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Press: News for Kids: Boa, Oh, Boa!


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Posted by Wes von Papinešu on March 27, 2001 at 16:17:28:

ATLANTA JOURNAL-CONSTITUTION (Georgia) 19 March 01 News for Kids: Boa, Oh, Boa!
Coldblooded Creatures Lurk At Fernbank (Julia Bookman)
An amazing thing happened when News for Kids visited Fernbank's "Reptiles." A vicious water monitor lizard, more than 6 feet long, stood up, clawed the glass wall, thrust his powerful tail back and forth, and wildly flicked its tongue at visitors. The kids watching jumped up and down, yelling, "Awesome!" and "Wicked!"
Looking for some close encounters of the scaly kind?
Then head to Fernbank Museum of Natural History, where nearly 30 snakes, lizards and other reptiles appear live and in person. Make that "live and in creature."
"Reptiles: The Beautiful and the Deadly" exhibit has come to Atlanta from Clyde Peelings Reptiland, a private reptile zoo in Pennsylvania.
Up to 30,000 metro kids will check out these reptiles on school field trips. If you're not among them, you have until May 6 to go to Fernbank and examine 19 reptile species.
"I used to think all turtles looked alike," said Elesha Coons, 9, viewing the reptiles with her class from Sonny Carter Elementary in Macon. "I never knew one looked just like a pancake!" She was watching a spiny soft-shelled turtle. It does look like a large pancake --- but can swim pretty darn fast.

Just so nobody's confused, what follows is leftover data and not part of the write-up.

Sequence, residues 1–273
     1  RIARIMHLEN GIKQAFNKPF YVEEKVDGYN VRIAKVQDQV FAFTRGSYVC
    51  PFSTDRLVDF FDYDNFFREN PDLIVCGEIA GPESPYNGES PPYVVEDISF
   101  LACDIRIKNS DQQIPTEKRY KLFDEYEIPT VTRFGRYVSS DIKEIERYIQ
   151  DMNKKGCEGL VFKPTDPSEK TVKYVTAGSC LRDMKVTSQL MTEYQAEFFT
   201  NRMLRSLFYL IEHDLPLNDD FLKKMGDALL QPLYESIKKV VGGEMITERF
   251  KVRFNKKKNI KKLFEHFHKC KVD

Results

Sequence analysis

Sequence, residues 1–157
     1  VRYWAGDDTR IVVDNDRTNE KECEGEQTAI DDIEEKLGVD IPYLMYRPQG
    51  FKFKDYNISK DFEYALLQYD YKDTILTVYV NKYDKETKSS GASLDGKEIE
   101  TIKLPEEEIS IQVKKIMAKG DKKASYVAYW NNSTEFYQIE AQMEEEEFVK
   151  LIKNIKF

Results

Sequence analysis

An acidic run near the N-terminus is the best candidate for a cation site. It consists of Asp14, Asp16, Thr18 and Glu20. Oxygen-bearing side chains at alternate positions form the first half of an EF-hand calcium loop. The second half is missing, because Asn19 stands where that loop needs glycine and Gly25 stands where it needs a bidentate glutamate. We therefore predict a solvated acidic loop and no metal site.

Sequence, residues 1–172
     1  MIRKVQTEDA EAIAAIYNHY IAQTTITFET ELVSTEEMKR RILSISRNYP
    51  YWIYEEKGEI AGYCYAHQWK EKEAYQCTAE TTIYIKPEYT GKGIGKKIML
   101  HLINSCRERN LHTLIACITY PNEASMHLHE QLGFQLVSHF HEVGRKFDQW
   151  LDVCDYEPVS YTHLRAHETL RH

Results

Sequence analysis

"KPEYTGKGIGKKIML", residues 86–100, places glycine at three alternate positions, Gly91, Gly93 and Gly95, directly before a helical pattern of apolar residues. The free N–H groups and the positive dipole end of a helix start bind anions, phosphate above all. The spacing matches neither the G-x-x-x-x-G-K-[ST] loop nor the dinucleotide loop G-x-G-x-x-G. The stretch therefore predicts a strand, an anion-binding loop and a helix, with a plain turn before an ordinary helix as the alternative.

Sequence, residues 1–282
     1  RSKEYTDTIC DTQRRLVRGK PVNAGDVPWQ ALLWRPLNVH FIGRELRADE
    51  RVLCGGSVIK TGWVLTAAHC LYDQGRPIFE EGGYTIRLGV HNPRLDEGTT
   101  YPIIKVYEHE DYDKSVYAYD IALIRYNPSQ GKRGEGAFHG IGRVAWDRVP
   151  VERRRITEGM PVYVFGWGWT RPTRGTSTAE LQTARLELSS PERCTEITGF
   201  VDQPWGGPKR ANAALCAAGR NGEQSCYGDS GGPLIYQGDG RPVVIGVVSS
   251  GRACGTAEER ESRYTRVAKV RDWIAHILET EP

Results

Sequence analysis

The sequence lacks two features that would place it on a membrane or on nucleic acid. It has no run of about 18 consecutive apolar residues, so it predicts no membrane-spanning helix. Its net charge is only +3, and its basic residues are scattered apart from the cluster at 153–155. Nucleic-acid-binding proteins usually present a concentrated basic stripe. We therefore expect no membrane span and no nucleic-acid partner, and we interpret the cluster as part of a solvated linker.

Other kids were more impressed by the Burmese python, which is known as "The Big Guy."
"The Big Guy" is actually a 12-year-old female that's more than 16 feet long and weighs 145 pounds. She mostly stays coiled, looking lazy and humongous. For such a big girl, she doesn't eat much: just two to six rabbits a month.
Several lizards are here, too, including the venomous pink-spotted Gila monster from the Southwest, the veiled chameleon with a tongue longer than its body and the side-necked turtle. There are eight snake species, including the Gaboon viper, which has the longest fangs of any snake (up to 2 inches).
The exhibit is loaded with cool facts about reptiles and plenty of hands-on action. At the "reptile discovery station" cart, you can pick up and examine real reptile remains, including snake skins, bones and a snapping turtle's shell. Here's proof, once and for all, that a turtle can't really jump out of its shell, like you see in cartoons, because its ribs and backbones are part of the shell.
At other stations, you can flip boards and push buttons to learn about these coldblooded creatures. For example:
Snakes shed their skin every four to six weeks.
Turtles and tortoises don't have teeth. Instead, they have a sharp, serrated beak, like birds.
What's a quick way to tell the difference between a crocodile and an alligator? The crocodile has a narrow and pointy snout; an alligator has a wide, rounded snout.
At the main entrance to the museum, glance at a sign that gives the "reptile encounter" times scheduled for that day. They are when Fernbank biologist Heather Heimmer appears with one reptile --- maybe the blue-tongued skink lizard or the Eastern kingsnake.
Heimmer talks and answers questions about the creature she's holding --- and then lets everyone touch it.
The other day, Heimmer had a 6-foot boa constrictor wrapped around her neck and body.
The snake didn't feel rough or slimy; it felt like smooth rubber.
Kids learned that the boa flicks its tongue to sense what is near.
The kids also learned the boa constrictor swallows its prey whole. How can it do this? The boa can stretch its head to three times its normal size because its jaw bones are loosely connected.



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